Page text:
Who and what do I ask for the rights to use a sample?

August 30, 2011

Dear Music Lawyer,

I'm an electronic artist, and I want to start remixing some songs. Who do I ask for the rights to use a vocal track in my songs and what information should I provide? Is it likely that I can get the rights without being signed to a label?


Dear Jeff,

If you want to incorporate all or part of an existing track into your own track (i.e., sample), then you will need to request permission from the owner of the sound recording of the existing track and the owner of the underlying musical composition embodied in that sound recording.

The owner of the sound recording copyright for popular music is often a label. The owner of the copyright in the underlying musical composition is often the songwriter or artist unless they assigned their publishing to someone else. If the track is from an independent artist, the artist may own the recording as well as the underlying song. (TIP: You can usually find the owner information on the back of a CD by looking for the © for the owner of the composition and the ℗ for the owner of the sound recording.)

Once you find out who owns the copyrights, then you would need to request a license from (1) the sound recording owner and (2) the publisher of the musical composition. License requests are generally sent in writing. It would be worth a call to the label or publisher in advance to ask to what person or department license requests should be sent, especially if it's a bigger company. I often advise people to send the request by fax and mail to double the chances of someone reading it. (TIP: If you are lucky enough to get to talk to a licensing person at the company, then you can ask exactly what they need you to include in your license request or you may even be able to get the ball rolling over the phone.)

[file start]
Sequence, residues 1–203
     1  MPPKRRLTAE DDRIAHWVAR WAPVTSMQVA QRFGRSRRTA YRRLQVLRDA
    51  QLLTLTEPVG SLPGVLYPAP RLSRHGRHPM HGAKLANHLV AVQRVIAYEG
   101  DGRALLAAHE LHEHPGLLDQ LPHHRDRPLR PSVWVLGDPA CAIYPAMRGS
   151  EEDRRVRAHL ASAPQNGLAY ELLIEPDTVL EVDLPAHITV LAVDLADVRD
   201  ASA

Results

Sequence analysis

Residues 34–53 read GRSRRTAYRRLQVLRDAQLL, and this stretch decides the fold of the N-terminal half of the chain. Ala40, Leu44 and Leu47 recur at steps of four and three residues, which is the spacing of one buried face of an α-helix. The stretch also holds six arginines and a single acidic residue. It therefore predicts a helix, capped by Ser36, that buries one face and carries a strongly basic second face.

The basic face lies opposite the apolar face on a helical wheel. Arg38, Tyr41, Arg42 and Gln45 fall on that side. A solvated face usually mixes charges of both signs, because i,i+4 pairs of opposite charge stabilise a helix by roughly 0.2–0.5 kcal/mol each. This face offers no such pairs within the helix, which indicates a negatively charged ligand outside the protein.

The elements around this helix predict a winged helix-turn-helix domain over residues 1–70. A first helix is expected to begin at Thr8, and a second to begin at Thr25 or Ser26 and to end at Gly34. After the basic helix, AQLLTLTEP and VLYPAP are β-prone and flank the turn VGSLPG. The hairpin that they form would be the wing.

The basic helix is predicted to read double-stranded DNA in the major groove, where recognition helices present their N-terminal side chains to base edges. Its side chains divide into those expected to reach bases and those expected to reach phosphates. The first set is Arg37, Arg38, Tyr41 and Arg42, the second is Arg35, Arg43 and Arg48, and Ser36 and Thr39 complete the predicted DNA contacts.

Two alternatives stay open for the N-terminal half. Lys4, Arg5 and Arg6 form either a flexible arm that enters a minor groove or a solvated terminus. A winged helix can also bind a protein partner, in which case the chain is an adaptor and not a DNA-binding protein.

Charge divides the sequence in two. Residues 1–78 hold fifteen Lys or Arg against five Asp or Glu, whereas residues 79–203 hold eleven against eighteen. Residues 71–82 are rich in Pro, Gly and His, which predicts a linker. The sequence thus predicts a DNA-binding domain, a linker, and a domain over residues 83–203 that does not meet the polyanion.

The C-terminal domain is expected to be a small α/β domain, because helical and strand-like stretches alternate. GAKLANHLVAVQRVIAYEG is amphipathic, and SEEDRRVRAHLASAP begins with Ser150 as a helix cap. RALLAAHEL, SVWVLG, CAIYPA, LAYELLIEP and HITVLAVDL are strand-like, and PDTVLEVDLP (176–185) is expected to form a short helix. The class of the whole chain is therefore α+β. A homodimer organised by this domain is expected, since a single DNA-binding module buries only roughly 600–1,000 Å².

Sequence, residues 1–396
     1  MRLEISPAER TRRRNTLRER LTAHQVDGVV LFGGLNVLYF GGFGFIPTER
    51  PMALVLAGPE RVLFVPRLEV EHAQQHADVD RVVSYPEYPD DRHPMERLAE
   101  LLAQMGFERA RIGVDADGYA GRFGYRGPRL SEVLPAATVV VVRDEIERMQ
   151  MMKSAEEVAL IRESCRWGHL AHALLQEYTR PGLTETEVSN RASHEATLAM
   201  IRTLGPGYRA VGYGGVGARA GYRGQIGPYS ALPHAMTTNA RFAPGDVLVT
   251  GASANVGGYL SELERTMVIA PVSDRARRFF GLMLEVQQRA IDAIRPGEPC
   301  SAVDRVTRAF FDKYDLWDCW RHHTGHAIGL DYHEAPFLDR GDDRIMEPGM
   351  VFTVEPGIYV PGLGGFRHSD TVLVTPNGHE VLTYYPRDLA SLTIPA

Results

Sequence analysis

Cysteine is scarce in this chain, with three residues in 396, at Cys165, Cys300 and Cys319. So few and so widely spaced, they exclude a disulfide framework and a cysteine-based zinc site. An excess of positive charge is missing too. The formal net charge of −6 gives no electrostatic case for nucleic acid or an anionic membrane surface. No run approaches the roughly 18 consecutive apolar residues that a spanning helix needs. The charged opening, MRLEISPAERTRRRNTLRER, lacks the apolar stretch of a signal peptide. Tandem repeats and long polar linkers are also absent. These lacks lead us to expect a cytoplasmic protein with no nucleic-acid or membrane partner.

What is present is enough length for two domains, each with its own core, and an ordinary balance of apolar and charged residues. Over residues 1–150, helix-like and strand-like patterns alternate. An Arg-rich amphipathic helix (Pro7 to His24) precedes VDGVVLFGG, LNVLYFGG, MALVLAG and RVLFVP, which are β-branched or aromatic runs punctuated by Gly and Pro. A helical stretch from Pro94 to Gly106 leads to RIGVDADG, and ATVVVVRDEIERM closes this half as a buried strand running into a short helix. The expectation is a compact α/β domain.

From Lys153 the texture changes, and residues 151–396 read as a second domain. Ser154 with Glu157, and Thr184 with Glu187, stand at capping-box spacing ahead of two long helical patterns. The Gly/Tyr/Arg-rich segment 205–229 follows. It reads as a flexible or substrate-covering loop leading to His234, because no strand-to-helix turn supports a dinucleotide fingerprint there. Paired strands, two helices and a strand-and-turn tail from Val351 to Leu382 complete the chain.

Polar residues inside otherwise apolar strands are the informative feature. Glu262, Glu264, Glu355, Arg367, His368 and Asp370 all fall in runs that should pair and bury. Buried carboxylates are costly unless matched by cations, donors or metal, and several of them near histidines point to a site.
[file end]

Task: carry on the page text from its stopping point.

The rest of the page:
In your license request, you would need to do the following, at a minimum:

  • identify yourself and provide your contact information
  • specify exactly what you want to use (e.g., the vocal clip from :57 through 1:14 of the track entitled "________")
  • describe how you want to use the recording/song in your track (e.g., remix/edit vocal track with new underlying electronic music)
  • describe how you want to exploit your new track and for how long

How you want to exploit your track should include your anticipated methods of distribution such as releasing physical or digital products, including in soundtrack of music videos or films, etc.

The broadest license request would be for "all media worldwide in perpetuity." (TIP: "In perpetuity" is frequently used in music contracts and means forever. Always be wary of this term if you're the one doing the licensing!)

Keep in mind that most licensors (i.e., the owners of the copyrights) will require you to sign a license agreement (usually generated by them) and pay a license fee (usually set by them) prior to granting you the right to use their copyrighted works. You would be wise to have a music attorney review any such license to make sure it actually grants the rights that you were seeking. In general, the broader the rights you seek, the more expensive the license. Some "promotional use only" licenses may be granted for free depending on the publisher/label/artist.

Also, copyright owners of sound recordings are not required to grant you a license at all. In this context, the owners of the musical composition are also not required to grant you a license since you would be incorporating their work into another work rather than doing a simple "cover" version of their song that could be cleared under a compulsory mechanical license. More information on compulsory mechanical licenses is available in my May 17, 2011 post.

As far as your question about your likelihood of obtaining the rights without being signed to a label, it's difficult to say. Every licensor will have different reasons for accepting/rejecting license requests. However, it is probably true that more well-known artists/producers will have an easier time obtaining licenses for samples than relatively unknown artists and producers. It's the common access problem that many experience in the industry.

Best of luck!

—Amy E. Mitchell

AskaMusicLawyer.com is maintained by experienced Austin music lawyer Amy E. Mitchell. Please feel free to ask any music law related questions. You will be notified by email when your question has been selected for response, and the response will be posted on this site.

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